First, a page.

Improvements to the system can indeed be made, but not in the direction urged by the central planners. The way to improve the clerkship process is to strengthen the market by which young lawyers and judges search each other out, look each other over and forge life-long relationships. Much can be done to make the process more open, less shrouded in fear and mystery; judges, law schools and students can all help in that regard. We must find better ways to detect and punish perfidy, strong-arm tactics and other unethical behavior. Indeed, criticisms such as those cited by Judge Wald have already led to improved behavior, as no judge wants to act in a way that an applicant would describe as the behavior of a six-year-old. n42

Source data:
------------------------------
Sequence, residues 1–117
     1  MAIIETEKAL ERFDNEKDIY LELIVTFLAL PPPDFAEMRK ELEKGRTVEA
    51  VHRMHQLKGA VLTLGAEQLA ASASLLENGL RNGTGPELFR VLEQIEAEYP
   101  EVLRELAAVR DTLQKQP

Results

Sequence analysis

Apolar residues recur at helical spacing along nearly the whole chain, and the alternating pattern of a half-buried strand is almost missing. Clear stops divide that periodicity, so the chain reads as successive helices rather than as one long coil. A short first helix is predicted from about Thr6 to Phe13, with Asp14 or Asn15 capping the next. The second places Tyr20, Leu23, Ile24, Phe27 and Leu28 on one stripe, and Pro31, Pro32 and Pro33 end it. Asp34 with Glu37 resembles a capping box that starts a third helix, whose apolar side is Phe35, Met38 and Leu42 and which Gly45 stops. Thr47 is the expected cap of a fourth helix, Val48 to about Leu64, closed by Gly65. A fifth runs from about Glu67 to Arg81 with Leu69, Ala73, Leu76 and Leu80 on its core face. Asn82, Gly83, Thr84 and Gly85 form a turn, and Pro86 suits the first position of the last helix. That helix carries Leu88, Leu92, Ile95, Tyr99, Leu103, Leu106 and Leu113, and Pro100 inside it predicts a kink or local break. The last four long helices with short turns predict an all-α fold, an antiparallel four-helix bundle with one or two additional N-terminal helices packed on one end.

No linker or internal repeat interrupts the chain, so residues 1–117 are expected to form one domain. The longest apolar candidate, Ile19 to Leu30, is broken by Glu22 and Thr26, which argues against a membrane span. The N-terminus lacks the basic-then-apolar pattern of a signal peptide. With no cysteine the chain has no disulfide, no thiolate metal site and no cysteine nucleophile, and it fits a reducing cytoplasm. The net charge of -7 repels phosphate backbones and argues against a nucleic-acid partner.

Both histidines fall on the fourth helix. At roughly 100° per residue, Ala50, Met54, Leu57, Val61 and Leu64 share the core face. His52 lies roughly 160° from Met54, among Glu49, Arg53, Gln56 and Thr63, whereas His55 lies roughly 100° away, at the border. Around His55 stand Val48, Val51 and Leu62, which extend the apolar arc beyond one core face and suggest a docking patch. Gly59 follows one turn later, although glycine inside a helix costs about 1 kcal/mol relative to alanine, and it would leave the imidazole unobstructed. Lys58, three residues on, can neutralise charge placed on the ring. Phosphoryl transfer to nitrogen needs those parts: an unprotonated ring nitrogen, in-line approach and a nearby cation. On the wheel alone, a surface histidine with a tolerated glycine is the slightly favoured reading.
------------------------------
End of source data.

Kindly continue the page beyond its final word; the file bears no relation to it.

Those of us who participate in the process year in and year out -- judges and professors -- have a special duty of fairness to the thousands of young people who must make their only shot count. We must all act with dignity and decorum, not as aloof, disinterested oracles, but as human beings with human interests, frailties and emotions. Improvements must, first and foremost, take into account that this is a market in human relationships, not pork bellies.